The Oil and Gas Authority (“OGA”) has launched a consultation on proposed changes to the model clauses for Seaward Production Licences. The regulator is seeking to amend the date on which a licence is considered to have commenced, add new termination provisions, and introduce an entirely new type of licence: the ‘Innovate Licence’. Should the proposals be implemented, the new licence and altered model clauses will be available from the 30th Seaward Licensing Round onwards. The consultation can be accessed here.
The Innovate Licence
The ‘Innovate’ concept is essentially that of a ‘tailor-made’ licence. OGA devised the notion after discussions with industry prior to the 29th Seaward Licensing Round. Whilst elements of the concept have been introduced as part of the 29th round, OGA is of the opinion that “in order to introduce the full benefit of the ‘Innovate’ concept”, amendments must be made to the model clauses contained in the Petroleum Licensing (Production) (Seaward Areas) Regulations 2008.
The novelties of the ‘Innovate Licence’ can be found in the content of its Work Programme and the length of its Initial Term. According to OGA, applicants ought to be able to pitch a Work Programme that is divided into as many as three phases. For instance, there may be a Phase A for “activities other than seismic surveys and drilling and which come ahead of either in an applicant’s plans, such as the acquisition and reprocessing of existing data and other desk-based geo-scientific or engineering studies”; a Phase B for “the shooting of new seismic and other geophysical data”; and a Phase C for “drilling exploration and appraisal wells”. The particular division is for the applicant to propose according to their circumstances. Similarly, it is open to the applicant to suggest the appropriate length of the Initial Term. The duration of the Initial Term is, except in special circumstances, the same for all licences of a particular type (e.g. four years for all Traditional Seaward Production Licences in the 28th Round). Under the ‘Innovate Licence’, however, the applicant may suggest a term which better reflects the work to be undertaken in its ‘custom-built’ Work Programme.
OGA acknowledges that whilst these new features may herald greater flexibility, they equally have the potential to allow the retention of valuable exclusive rights throughout a longer Initial Term. In light of this, several amendments have been designed to act as a check on this benefit and ensure the Work Programme is being carried out as agreed:
- Amendment 1: The OGA proposes that the licence will expire at the end of each of the Initial Term Phases if the licensee has not achieved certain milestones that justify the retention of exclusivity into the next phase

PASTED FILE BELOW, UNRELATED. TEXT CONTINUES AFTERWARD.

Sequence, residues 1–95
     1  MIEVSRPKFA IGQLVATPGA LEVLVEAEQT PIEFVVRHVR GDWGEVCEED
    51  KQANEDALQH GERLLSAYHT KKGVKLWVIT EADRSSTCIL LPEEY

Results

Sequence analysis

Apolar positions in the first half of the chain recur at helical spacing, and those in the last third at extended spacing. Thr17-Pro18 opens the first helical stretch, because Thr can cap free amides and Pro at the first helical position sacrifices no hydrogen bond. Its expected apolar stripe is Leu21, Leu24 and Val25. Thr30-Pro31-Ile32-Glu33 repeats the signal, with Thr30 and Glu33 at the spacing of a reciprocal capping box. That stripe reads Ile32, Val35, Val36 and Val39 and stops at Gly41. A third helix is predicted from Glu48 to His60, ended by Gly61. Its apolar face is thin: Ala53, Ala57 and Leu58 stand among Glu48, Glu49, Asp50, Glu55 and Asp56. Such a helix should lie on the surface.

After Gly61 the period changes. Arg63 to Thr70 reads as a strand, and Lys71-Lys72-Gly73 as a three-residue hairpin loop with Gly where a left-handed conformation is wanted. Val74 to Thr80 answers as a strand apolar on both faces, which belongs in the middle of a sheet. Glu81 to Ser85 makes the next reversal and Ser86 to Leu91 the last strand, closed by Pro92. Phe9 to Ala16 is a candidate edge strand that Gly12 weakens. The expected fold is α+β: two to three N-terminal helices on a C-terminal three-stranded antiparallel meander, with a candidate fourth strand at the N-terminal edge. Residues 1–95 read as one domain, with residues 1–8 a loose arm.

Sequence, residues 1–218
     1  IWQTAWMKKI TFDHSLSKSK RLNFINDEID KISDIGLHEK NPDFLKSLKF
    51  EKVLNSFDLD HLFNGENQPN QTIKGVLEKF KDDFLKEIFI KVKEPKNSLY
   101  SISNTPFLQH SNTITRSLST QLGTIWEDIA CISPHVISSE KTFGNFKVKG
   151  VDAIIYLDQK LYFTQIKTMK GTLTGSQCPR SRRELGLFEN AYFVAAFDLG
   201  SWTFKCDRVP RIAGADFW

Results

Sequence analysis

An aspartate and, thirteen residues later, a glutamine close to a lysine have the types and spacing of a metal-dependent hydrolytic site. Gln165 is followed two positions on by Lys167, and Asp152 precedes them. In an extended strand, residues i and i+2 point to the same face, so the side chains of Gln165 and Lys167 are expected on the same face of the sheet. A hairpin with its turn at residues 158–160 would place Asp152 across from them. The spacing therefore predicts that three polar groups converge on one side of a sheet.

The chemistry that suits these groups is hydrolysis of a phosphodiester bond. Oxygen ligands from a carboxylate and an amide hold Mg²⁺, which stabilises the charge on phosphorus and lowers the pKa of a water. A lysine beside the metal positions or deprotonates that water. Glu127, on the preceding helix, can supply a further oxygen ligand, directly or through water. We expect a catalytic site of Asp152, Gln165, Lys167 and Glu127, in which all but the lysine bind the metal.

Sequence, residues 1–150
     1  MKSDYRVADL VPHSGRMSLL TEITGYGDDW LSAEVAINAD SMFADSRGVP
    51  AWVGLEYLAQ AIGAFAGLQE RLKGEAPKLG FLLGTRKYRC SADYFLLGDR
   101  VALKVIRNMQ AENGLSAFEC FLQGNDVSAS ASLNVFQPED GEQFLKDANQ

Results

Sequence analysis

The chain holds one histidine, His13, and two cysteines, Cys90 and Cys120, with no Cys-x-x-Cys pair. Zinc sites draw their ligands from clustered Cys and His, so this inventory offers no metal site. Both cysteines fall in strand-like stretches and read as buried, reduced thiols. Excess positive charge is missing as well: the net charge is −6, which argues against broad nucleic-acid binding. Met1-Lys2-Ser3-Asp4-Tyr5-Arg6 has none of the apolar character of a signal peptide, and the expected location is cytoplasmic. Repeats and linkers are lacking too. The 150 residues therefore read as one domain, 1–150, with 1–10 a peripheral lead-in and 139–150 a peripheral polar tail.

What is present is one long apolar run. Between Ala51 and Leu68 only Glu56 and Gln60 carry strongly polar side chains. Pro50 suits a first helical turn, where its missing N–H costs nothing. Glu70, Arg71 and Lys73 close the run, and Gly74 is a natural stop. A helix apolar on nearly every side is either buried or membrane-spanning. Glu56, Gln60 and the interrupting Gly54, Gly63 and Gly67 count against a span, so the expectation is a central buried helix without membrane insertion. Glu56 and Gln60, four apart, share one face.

- Amendment 2: Any individual element of a Work Programme may specify an associated deadline by which the work is to be done, and the Licence shall expire if the work has not been completed by then
- Amendment 3: A mechanism by which the licensee may propose, and the OGA may agree, an amendment of the Work Programme
- Amendment 4: The Petroleum Licensing (Applications) Regulations 2015 to be amended so that all of the provisions that previously applied to applications for ‘Promote’ Production Licences are applied to applications for Innovate Licences
Further Proposed Changes
Separately, OGA proposes two additional changes aimed at “simplifying” the model clauses. Firstly, it suggests altering the date on which a licence is considered to have commenced. Currently, a Seaward Production Licence will commence on the Start Date or the date on which the licence is granted – whichever is the later of the two. OGA finds that this can be “detrimental to Licensees” because the execution of a licence might be delayed for a significant period. In those circumstances, the licence would not come into force until after the Start Date, leaving the licensee with less time than expected to complete the Work Programme. In order to address this, OGA suggests that commencement ought to be the earlier of the Start Date and the day of execution. This would, in the regulator’s opinion, minimise the chances that unexpected delay will cut into the duration of the licence.
Secondly, OGA hopes to supply all licences with termination provisions that would allow them to last for “as long as justified by the need to cover continuing production, without further amendment to the Licence being needed”. Similar provisions were discussed with OGUK and licence-holders in 2009-2010. OGA now wishes for those measures to be incorporated as standard in the model clauses. This would allow licences to continue where production is ongoing or is just about to commence, and would allow rights to be terminated where production has not yet begun or else has permanently ceased.
Whilst the ‘Innovate Licence’ would offer applicants the freedom to be somewhat creative with the content of their Work Programme and the duration of their Initial Term, the final product nevertheless remains subject to OGA approval. The regulator would consider the proposed setup as a whole and will only offer licences that it is satisfied are appropriate to deliver the MER UK objective. OGA hopes that the new licence will offer greater choice, whilst allowing operators the option of retaining 29th round model clauses. On that basis, “it has been concluded that the proposed changes will … impose no additional cost on business”.
The consultation closes on 6 January 2017. OGA aims to publish a response within 12 weeks of the closing date.